Many heartfelt thanks to everyone who has been contacting me with concern about my welfare in light of Hurricane Florence. I was very touched by the outpouring of concern from so many clients and friends. As many of you know, I make my home at the Outer Banks of North Carolina, and earlier in the week it appeared that we were going to be in the bull's-eye of this terrible storm.

Because of the unpredictability of weather patterns, in spite of all our technological advances in weather forecasting, the storm took an unexpected turn to the south and will deliver just a glancing blow to the Outer Banks. But before the authorities knew that, they issued a mandatory evacuation of all visitors and residents.

So I headed to western North Carolina in hopes of avoiding the worst of the storm's wrath. I revisited the Blue Ridge Parkway, shown in today's image. It is one of our country's most beautiful roadways through the mountains. The weather was great with no hint of the havoc being wrought on eastern North Carolina and South Carolina.

But now in light of the storm's new track, this part of the state will experience flash floods over the weekend. So I am now heading north and east to Richmond, VA which, at least for now, appears to be out of the line of fire. Quite a sojourn. I have chosen to look at it as an adventure, although not one I wish to repeat any time soon!

I think next time evacuations are ordered, I should just go as far away as possible, perhaps Tahiti!

TECH SPECS
1/2000 at f/13, ISO 1600.  Canon 100-400mm f/4.5-5.6L IS II lens set at 182mm, on Canon 7D Mark II body. Handheld.

TODAY'S QUOTE: "In reality, you don't ever change the hurricane. You just learn how to stay out of its path.  --Jodi Picoult


Sunday, September 9, 2018

Sense of Scale and Space


A female moose and her calf were walking briskly across the tundra in Denali National Park on a misty day. Even though she stands about 6 feet tall at the shoulder and weighs close to 1000 pounds, she looks tiny in this landscape.

Often we want much closer shots of wildlife, but sometimes it is good to show the surroundings to give a sense of scale. Denali is huge and distances are deceiving. The moose were several hundred yards away, and the mountains in the background were 3 to 5 miles away. Take a moment to wrap your head around those distances.

So if you do not have a long lens don't despair. You can still get great shots of wildlife by showing them in their environment, and giving the viewer a sense of scale.

TECH SPECS
1/320 sec. at f/8, ISO 400. Canon 70-200mm f/4L IS lens with Canon1.4x telextender for an effective focal length of 280mm, on Canon 7D Mark II.  Handheld.

TODAY'S QUOTE: "There are no rules for good photographs. There are only good photographs."  --Ansel Adams

Wednesday, September 5, 2018

Beautiful Baby of Denali


This grizzly bear cub in Denali National Park was bulking up along with its mother in preparation for the upcoming winter. The seasons pass quickly in the far north, and autumn had already begun by mid-August. The fall colors had appeared and the temperatures were dropping.

This cub and its mother were working their way along the creek seen in the background, eating all the blueberries and soap berries they could find. Amazingly they came closer and closer to our vehicle and eventually walked right behind us. FYI, in Denali for your personal safety, you want to maintain a minimum distance of at least 300 yards from bears unless you are in a vehicle. And possibly even more distance when there is a mother with cubs.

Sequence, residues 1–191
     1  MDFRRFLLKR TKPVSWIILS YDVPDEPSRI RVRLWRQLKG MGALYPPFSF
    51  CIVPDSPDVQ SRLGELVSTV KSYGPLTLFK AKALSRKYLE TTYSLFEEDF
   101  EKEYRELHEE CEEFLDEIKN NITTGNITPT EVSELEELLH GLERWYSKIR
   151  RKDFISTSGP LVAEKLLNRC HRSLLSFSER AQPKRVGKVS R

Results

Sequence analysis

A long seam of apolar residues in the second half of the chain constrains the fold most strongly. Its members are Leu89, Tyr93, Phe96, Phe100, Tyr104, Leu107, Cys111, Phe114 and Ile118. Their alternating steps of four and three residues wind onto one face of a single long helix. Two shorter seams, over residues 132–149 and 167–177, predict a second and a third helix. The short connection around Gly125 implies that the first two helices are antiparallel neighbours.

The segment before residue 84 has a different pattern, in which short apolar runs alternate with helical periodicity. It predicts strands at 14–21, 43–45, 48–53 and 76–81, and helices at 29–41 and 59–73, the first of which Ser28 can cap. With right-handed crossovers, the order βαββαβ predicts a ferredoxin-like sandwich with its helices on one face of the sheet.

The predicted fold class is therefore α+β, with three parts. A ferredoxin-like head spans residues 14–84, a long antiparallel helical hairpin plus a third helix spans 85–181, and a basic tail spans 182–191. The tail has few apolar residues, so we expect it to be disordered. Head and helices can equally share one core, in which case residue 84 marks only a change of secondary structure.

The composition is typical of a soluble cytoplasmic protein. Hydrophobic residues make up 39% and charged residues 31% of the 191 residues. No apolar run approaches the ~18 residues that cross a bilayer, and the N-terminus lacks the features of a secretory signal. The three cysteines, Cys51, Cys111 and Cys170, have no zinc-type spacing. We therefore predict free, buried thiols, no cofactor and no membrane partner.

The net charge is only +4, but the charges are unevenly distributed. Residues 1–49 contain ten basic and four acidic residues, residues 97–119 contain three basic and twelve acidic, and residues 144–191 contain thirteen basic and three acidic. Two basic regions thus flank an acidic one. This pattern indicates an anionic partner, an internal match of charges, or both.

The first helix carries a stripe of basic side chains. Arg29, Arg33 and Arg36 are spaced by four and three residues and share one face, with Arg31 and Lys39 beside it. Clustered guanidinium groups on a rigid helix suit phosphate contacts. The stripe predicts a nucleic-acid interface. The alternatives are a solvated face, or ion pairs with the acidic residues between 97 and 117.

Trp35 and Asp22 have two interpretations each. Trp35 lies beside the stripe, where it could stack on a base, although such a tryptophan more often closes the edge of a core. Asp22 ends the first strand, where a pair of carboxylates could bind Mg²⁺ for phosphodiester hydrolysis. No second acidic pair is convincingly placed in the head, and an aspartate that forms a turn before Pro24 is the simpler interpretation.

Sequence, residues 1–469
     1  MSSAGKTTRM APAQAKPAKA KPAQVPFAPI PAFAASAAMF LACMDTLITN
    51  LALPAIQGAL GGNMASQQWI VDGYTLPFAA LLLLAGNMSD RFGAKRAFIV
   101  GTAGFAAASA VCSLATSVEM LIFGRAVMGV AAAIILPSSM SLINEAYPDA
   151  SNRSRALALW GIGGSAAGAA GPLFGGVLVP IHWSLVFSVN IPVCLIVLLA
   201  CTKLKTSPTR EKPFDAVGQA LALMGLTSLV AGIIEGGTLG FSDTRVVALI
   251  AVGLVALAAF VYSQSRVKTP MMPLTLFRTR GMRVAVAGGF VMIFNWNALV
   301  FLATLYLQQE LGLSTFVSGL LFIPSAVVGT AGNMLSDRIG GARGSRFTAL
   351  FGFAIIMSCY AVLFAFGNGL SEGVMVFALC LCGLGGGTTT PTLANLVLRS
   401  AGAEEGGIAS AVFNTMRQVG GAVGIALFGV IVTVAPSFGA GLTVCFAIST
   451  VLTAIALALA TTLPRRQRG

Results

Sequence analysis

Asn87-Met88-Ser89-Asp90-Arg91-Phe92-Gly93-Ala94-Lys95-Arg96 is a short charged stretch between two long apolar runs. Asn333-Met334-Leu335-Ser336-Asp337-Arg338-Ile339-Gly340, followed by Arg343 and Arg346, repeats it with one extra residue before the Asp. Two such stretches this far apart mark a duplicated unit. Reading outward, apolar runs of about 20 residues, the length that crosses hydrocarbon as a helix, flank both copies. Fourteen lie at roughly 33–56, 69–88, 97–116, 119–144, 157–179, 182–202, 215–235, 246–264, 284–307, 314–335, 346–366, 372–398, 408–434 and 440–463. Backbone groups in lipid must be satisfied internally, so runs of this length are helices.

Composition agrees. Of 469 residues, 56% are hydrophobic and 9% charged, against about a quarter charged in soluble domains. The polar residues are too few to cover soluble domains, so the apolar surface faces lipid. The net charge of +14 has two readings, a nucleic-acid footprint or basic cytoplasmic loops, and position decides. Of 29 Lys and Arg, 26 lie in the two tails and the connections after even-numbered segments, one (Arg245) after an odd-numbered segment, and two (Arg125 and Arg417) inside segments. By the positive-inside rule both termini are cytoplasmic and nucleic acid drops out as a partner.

For that reason, we stayed safely in our vehicle as the bears came closer to us. We were able to shoot through the open windows and everyone got great images. What a thrill to be so close to these iconic animals.

TECH SPECS
1/640 sec. at f/5.6, ISO 800. Canon 70-200mm f/4 lens with 1.4x telextender for an effective focal length of 280mm, on Canon 7D Mark II body. Handheld.

TODAY'S QUOTE: "Alive, the grizzly is a symbol of freedom and understanding - a sign that man can learn to conserve what is left of the earth. Extinct, it will be another fading testimony to things man should have learned more about but was too preoccupied with himself to notice. "  --Frank Craighead

Saturday, September 1, 2018

Denali, The Great One


I just returned to Anchorage last night from a wonderful week in Denali National Park. Once again luck was with us and we got great views of the tallest mountain in North America, Denali.

The day this was taken started out overcast with sprinkles, but by afternoon the skies cleared beautifully to reveal this superb view of the awe-inspiring mountain.

It was a super group with friendly and excited people, and we all enjoyed our time together. Everyone got amazing images of an array of wildlife including grizzly bear, caribou, moose, a rare fox sighting, and of course breathtaking scenics. 

The tundra was turning to autumn shades of gold, yellow, and red, and the animals were in beautiful condition. As always it was hard to leave this incredible place.

TECH SPECS
1/1000 sec at f/11, ISO 400.  Canon 7D Mark II body with Canon 24-105mm lens set at 70mm.  Handheld.

TODAY'S QUOTE: " If future generations are to remember us with gratitude rather than contempt, we must leave them something more than the miracles of technology. We must leave them a glimpse of the world as it was in the beginning, not just after we got through with it."  --Lyndon B. Johnson